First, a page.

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Do you know some autocorrelation code to show me? Also, is autocorrelation based on FFT at some point? –  Lucas Speranza Feb 11 '11 at 8:53
The autocorrelation is very easy to implement, though exactly what you do will depend on what tools you have available, and I don't know actionscript. Most libraries that do math on arrays have a "correlate" function, and then just correlate the data with itself. If you don't have this type of thing, here's a C++ example (koders.com/cpp/…). But it's easy to write your own, just multiply the object with a shifted version of itself. –  tom10 Feb 11 '11 at 16:35
For the second part of your question: It's sometimes faster to calculate the autocorrelation using an FFT, but for now, think of this purely as a calculation trick. One can do it either way, with the FFT or without it. –  tom10 Feb 11 '11 at 16:39

There are many ways of finding fundamental frequency (F0).

For languages like Java etc there are many libraries with those type of algorithms already implemented (you can study their sources).

• MFCC (based on cepstral) implemented in Comirva (Open source).
• Audacity (beta version!) (Open source) presents cepstrum, autocorellation, enhanced autocorellation,
• Yin based on autocorrelation (example )
• Finding max signal values after FFT

All these algorithms may be be very helpful for you. However easiest way to get F0 (one value in Hz) would be to use Yin.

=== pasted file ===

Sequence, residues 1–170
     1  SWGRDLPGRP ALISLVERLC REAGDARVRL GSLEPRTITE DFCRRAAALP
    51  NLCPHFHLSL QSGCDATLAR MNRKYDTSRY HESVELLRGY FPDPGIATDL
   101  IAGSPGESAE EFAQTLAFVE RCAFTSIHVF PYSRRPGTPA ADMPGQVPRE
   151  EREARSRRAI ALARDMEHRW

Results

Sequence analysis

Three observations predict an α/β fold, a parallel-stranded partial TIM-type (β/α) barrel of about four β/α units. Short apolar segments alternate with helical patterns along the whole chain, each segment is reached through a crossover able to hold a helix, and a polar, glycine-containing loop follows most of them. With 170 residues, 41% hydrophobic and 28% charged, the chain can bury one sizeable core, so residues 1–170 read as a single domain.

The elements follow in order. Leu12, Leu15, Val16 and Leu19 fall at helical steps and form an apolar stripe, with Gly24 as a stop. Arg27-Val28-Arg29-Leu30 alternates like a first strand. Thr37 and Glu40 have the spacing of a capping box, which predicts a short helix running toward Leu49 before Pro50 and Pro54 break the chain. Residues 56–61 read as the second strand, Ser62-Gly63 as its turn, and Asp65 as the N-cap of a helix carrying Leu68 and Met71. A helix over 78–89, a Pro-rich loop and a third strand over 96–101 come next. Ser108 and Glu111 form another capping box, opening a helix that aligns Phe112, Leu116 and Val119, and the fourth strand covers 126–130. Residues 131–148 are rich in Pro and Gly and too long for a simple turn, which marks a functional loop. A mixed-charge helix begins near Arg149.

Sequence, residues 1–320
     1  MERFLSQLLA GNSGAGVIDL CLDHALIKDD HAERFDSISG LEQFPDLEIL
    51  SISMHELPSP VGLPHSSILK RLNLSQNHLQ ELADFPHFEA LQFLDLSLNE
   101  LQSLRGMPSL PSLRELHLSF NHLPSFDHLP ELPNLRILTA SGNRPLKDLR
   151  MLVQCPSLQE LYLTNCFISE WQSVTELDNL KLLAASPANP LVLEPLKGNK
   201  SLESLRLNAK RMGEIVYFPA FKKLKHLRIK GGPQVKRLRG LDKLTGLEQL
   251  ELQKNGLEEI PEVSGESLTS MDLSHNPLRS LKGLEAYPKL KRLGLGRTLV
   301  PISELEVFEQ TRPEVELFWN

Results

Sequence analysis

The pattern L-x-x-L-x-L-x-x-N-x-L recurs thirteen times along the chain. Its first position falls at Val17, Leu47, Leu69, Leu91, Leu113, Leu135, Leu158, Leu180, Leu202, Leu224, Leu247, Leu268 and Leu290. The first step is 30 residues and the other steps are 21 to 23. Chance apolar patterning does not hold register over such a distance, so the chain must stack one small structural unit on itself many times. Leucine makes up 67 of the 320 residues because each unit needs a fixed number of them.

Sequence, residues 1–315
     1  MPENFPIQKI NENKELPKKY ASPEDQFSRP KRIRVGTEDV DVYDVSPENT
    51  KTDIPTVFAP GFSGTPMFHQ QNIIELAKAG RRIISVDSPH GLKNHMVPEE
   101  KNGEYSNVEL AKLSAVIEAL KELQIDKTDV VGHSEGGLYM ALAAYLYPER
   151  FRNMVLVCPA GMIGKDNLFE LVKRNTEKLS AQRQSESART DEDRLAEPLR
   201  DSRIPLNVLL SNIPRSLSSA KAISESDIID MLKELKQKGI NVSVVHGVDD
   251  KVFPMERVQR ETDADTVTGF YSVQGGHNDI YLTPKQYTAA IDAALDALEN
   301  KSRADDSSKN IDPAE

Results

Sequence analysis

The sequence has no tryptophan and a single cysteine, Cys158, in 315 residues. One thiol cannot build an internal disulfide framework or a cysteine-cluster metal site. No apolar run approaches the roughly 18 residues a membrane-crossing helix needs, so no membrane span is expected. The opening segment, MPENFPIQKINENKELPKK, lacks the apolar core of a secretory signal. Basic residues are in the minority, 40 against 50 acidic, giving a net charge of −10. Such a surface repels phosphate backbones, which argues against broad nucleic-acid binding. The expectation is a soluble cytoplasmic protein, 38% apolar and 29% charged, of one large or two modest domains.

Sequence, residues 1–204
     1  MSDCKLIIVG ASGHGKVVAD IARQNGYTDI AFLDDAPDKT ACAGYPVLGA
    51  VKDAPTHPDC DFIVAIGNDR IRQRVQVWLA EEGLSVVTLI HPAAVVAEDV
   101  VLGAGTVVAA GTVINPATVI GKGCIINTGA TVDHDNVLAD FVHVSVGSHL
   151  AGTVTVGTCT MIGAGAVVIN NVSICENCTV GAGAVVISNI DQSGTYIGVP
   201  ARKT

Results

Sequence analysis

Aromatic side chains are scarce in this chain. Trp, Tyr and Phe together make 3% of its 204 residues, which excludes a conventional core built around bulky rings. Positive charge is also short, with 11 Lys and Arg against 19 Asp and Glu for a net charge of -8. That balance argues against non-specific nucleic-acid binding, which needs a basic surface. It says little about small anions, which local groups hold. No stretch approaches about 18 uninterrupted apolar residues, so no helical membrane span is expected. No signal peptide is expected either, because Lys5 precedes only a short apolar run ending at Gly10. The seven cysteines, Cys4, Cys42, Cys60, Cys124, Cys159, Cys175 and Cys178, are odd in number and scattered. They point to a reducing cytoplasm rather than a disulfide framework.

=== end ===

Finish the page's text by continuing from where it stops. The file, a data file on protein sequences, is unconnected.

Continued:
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Are these methods precise enought to make a guitar tuner? I mean... I need a really high precision! –  Lucas Speranza Feb 7 '11 at 22:19
It depends on many things - microphone quality, noises etc Sometimes some algorithms for denoising might be also needed. You can run that Yin example - it is application which captures sound from microphone and displays f0 - test and verify with normal (hardware?) tuner. –  mmatloka Feb 7 '11 at 22:50
I read half of THIS: recherche.ircam.fr/equipes/pcm/cheveign/ps/… it looks to be some kind of documentation, but it's frying my brain. I don't want to annoy you, but would you tell me how I should implement these equations? In the signal, in a fft result, and how? thanks very much for your help! –  Lucas Speranza Feb 7 '11 at 23:27
1. test that example application does it work with a guitar 2. if works study (understand) that applications code (Yin class) and try to rewrite it to action script. Doing that you will also learn java a bit ;) –  mmatloka Feb 7 '11 at 23:44